GDC (or “Game Developers Conference”) is another conference of interest to real-time rendering practitioners. Unlike the previously mentioned conferences, which are run by nonprofit professional organizations like ACM, IEEE, and Eurographics, GDC is run by Think Services, which is a for-profit corporation. It is really more like a trade show than an academic conference, and the presentations do not undergo a strict peer-review process. Much of the material relates to non-graphics topics like gameplay and audio design. Nevertheless, there is much interesting material on real-time rendering presented there by game and graphics hardware developers. Although GDC is held in San Francisco, the GDC brand has recently expanded to cover conferences in Texas, China, and France.

Anyone interested in the field of real-time rendering would be well-advised to attend one of these conferences if possible. If not, the printed proceedings can be purchased for reasonable prices and most are available through various digital libraries. Better still, many of the papers (as well as class notes and other materials) can be found on the web for free – Ke-Sen Huang’s excellent homepage makes for a good starting point.

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Wolfgang Engel (editor in chief of the ShaderX series) kindly sent me copies of the two ShaderX^2 books last year, so that I could read through them and reference useful articles in writing the third edition of Real-Time Rendering (RTR3). He also provided us with the contents of the then-unpublished ShaderX^6 – he was a huge help in making RTR3 up-to-date.

While writing, I learnt that Wolfgang was willing to release the ShaderX^2 books electronically for free. However, he was advised by the publisher to check with the authors to see if they had any reservations. I like these books; some of the articles are dated, but there’s still solid material in many that should be made widely available. Also, I hated referencing articles in RTR3 that few people could actually go look up. Finally, I found that the PDFs of these two books were already being distributed illegally through a torrent. It struck me as unreasonable that the two ways to obtain these out-of-print books was through illegal downloading or through rather exorbitant prices in used-book markets (currently the prices are down in the $30 range; at one point last year the lowest price I saw for one of the books was $100).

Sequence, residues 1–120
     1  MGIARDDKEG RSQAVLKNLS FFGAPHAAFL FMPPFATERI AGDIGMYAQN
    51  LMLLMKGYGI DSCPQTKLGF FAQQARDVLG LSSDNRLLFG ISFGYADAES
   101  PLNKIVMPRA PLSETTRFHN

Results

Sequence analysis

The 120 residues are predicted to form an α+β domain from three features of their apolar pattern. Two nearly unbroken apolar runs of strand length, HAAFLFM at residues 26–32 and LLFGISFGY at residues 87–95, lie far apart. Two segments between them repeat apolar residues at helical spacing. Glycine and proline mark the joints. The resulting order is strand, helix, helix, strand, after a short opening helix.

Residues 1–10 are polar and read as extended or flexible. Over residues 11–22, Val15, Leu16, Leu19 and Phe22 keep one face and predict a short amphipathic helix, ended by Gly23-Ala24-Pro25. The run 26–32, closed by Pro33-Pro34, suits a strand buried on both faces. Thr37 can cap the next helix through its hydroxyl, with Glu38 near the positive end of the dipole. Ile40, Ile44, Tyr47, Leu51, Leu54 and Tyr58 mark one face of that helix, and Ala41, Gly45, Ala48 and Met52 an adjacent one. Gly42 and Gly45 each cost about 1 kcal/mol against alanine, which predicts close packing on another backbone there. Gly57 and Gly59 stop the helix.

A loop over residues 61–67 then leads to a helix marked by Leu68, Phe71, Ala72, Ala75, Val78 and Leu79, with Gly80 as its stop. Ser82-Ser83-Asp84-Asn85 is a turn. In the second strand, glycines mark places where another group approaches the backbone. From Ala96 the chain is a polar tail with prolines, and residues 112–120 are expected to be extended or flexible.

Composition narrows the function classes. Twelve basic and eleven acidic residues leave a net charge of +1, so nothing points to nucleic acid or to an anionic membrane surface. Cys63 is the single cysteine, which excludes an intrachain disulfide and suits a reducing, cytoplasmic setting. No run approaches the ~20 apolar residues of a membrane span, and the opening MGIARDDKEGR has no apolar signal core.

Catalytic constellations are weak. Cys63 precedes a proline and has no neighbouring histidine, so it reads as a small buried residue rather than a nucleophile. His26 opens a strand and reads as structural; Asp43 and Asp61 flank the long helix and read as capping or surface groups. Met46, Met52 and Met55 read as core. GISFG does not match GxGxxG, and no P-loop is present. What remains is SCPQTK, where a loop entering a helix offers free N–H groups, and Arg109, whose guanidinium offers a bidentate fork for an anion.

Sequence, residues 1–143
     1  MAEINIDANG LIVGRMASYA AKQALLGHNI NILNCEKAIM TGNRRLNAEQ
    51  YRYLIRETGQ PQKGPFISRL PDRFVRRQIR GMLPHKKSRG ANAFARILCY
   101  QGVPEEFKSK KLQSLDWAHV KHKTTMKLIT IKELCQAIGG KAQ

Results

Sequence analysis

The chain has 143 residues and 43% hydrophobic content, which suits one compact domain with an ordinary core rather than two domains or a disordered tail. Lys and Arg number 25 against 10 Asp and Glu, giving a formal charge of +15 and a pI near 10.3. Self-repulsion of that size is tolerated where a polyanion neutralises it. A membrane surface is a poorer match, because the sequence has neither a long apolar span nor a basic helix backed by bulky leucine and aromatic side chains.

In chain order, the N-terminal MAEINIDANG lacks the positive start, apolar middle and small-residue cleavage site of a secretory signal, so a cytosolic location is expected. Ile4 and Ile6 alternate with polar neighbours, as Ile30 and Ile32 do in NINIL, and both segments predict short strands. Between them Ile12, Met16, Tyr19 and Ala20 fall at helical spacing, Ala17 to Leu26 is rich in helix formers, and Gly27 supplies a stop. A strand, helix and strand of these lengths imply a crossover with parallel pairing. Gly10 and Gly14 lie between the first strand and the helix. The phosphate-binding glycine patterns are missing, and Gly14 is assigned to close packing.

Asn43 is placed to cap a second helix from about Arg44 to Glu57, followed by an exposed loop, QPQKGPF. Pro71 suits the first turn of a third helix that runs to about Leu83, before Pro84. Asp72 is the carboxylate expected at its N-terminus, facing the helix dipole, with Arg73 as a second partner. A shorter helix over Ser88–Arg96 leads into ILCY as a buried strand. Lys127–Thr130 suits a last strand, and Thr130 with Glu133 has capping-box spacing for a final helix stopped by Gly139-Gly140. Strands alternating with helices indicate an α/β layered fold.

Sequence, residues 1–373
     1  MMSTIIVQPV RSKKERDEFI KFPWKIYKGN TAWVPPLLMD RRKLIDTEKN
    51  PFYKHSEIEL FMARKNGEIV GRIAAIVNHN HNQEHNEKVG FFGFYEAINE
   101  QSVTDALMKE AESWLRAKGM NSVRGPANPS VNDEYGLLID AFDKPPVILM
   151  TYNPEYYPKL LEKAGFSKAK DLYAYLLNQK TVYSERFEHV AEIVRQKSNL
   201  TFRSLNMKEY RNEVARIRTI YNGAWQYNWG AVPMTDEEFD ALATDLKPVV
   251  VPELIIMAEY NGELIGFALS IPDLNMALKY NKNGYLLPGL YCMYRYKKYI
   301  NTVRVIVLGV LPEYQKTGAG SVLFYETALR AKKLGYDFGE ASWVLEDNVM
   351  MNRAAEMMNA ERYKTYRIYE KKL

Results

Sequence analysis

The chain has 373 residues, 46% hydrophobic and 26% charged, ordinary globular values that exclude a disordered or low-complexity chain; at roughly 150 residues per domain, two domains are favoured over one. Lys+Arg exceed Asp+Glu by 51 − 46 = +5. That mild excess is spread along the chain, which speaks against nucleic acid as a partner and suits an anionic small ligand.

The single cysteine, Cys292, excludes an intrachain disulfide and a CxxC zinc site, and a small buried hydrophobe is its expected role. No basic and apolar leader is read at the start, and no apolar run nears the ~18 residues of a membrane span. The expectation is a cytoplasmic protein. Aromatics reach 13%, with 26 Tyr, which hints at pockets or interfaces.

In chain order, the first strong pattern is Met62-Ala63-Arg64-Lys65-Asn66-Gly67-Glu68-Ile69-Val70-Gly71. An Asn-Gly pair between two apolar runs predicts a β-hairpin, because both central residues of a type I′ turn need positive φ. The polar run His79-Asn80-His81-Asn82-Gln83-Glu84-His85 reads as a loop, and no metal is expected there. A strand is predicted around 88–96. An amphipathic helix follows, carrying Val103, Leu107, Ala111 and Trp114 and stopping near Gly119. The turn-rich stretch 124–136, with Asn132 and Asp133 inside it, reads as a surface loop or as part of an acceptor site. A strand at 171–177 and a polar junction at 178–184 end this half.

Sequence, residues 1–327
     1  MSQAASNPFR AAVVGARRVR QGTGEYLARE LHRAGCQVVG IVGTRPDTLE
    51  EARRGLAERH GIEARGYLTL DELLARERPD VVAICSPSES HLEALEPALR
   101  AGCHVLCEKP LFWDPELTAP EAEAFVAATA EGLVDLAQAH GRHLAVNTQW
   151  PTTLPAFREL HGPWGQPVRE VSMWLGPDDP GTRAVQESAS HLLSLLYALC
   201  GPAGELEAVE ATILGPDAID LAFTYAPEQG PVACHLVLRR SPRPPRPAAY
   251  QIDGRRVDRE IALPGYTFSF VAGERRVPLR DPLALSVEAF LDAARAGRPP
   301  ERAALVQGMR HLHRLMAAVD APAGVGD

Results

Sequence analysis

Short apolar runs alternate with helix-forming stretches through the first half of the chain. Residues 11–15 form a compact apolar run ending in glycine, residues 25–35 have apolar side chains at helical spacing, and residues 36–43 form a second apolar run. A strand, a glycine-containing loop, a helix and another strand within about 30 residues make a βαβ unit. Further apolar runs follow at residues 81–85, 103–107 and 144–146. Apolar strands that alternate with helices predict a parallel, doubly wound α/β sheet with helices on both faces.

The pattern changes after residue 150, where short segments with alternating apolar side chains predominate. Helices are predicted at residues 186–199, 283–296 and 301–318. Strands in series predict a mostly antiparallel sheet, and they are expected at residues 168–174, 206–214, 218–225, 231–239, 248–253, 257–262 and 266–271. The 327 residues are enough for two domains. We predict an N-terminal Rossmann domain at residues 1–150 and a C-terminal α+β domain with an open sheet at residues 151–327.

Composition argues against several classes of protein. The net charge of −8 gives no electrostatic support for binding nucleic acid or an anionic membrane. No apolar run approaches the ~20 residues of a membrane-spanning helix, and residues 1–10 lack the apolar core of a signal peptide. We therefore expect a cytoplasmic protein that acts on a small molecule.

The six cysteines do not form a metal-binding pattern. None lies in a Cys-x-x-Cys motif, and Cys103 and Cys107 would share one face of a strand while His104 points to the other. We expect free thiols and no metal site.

Wolfgang didn’t have the time this Spring to gather permissions (he was busy at the time with GTA IV and other projects), and I wanted to begin to repay him for all his help. So, I spent some time these past two months getting permission release forms signed for the ShaderX^2 books. 66 article clearances later, I’m done! There were no objections from the authors, usually just the opposite, so the books are now generously being hosted for free download by gamedev.net:

ShaderX2: Introduction & Tutorials with DirectX 9

ShaderX2: Shader Programming Tips and Tricks with DirectX 9

The books are “ancient”, four years old, but there is some great material in them. Greg James’ article about rendering thick volumes has been cited by a number of later papers. I particularly enjoyed the articles by Mitchell et al. and Ansari in the Image Space section, as I love post-processing effects. They present lots of code snippets alongside solid theory. Which reminds me, we should also work on putting the CD-ROM’s contents up on the web – next task.

Also, the first ShaderX book has also been cleared for free download. Wolfgang is digging through his archives for a PDF version of this book, and I hope it will be available soon. In the meantime, all of the articles from authors at ATI (at the time) are available on the AMD/ATI website.

Update: see the ShaderX Books page at the ACM TOG site for a link to the first book and other related free resources.

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One extremely valuable resource mentioned in our portal page is Ke-Sen Huang’s lists of paper preprints from recent conferences. In the last two months, a whole bunch of these have popped up for this year’s conferences. The most relevant of these are:

Some of the other conferences listed on Ke-Sen’s central page deal with topics, such as animation or geometry processing, which may also be of interest. In general, conferences such as these are fertile ground for finding cool and useful new ideas (along with some wildly impractical ones!).